In most cases, though, it is very uncommon. It’s extremely unlikely that you’ll have any ESD problems if you follow proper practice (i.e. grounding oneself to eliminate any static build-up).
Simply contact the metal shell of your computer case to bring yourself to the same electrical potential as it to ground yourself. This may be done many times throughout the assembling process to discharge any electrical potential that has built up.
Limit how much you walk about and what you touch to avoid accumulating any charge on your body (for example, you don’t want to be shuffling your feet on a carpeted floor on a dry day while assembling your new PC). If you get concerned, just release yourself by touching the computer casing with your bare hands once again.
If you’re still worried about static, you may purchase an anti-static wrist strap, which basically keeps your body in touch with the computer casing at all times while you work on it.
About Our Step-by-Step Computer Building Instructions
There are a few various approaches to constructing a computer, and when it comes down to it, go with the one that seems the most natural to you.
The method described in our computer construction infographic is only one of the ways we like to build PCs, although it does have some leeway.
You may, for example, simply swap around stages (like we did when we went through our comprehensive build process) or even conduct a ‘out of the case’ build.
You’ll find views all over the internet, and the reality is that almost all of the various ways are legitimate, with their own set of benefits and drawbacks. Other construction orders that may be used, as well as several common ‘build techniques,’ include:
1. Creating a Case Outside of the Case:
This technique entails partly building the motherboard and related components (CPU, CPU cooler, and RAM) outside of the chassis, then transplanting the whole unit into the case before continuing with the construction.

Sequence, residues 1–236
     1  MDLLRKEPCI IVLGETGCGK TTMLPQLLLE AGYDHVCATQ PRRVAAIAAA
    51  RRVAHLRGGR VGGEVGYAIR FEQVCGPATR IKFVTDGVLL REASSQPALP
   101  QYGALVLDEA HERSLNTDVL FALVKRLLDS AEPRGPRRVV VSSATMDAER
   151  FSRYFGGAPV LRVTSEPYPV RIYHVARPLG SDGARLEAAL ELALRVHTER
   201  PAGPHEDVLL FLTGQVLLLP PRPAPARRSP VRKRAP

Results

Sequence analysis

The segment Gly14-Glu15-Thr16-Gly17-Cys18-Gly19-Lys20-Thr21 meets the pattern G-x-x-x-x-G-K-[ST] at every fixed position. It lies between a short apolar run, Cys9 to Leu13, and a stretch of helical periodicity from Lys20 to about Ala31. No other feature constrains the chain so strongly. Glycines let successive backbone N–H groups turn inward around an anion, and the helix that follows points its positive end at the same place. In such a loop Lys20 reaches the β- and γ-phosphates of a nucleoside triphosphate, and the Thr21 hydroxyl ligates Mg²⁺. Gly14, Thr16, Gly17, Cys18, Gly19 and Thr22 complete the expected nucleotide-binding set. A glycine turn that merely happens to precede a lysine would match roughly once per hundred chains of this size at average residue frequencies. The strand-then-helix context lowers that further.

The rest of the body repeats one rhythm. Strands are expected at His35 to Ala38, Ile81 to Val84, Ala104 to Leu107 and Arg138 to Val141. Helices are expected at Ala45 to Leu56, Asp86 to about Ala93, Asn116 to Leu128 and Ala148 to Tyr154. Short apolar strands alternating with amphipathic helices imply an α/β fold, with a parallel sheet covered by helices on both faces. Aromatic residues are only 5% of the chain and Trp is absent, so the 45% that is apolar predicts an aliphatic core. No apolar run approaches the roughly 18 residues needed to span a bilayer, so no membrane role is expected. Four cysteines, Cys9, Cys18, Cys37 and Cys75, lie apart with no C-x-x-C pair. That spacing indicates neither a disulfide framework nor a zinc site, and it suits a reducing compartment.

- You have enough of ‘working area’ outside the casing to install the CPU, cooling, and RAM.
- You get a better view of the components to ensure they are properly installed.
- It’s possible that mounting the components on the motherboard without properly supporting it may result in harm.
- Depending on where the motherboard mounts are situated, it may be difficult to put the motherboard into the case with components such as the CPU cooler already attached. If other components, such as the CPU cooler or RAM, come in the way, you may not be able to get your screwdriver where it needs to go.
2. Changing the Mounting Components’ Order
You may assemble individual components in almost any sequence you choose, whether you construct ‘inside the case’ or ‘outside the case.’
- Motherboard -> CPU -> RAM -> Graphics card -> Storage and optical disks -> Power supply
- Storage and optical disks -> Motherboard -> Power supply -> Graphics card -> CPU -> RAM
- It’s all up to you! If you’re a beginner, we recommend following a construction guide until you figure out your own preferences for build sequence.
- Some components may get in the way of other parts while attempting to mount them, or result in reduced working space/room within the case for installing other parts, depending on the sequence of construction.
- Keep in mind that certain components must be placed in a specific sequence (for instance, you cannot install the CPU cooler without first installing the CPU).
- If you deviate from the recommended order, keep in mind that you may not be able to access fastening points (for example, some graphics card/motherboard combinations may prevent you from releasing the RAM fastening clips once the graphics card is installed; in this case, you would need to install your RAM first).
Steps to Putting Together a Computer
Open the case in the first step.
- Remove the screws from the rear.
- Remove the side cover.
Working on your computer is simplest when it’s lying sideways on a level surface, with the open side facing up. Before you begin assembling components, remember to ground yourself (by touching the casing).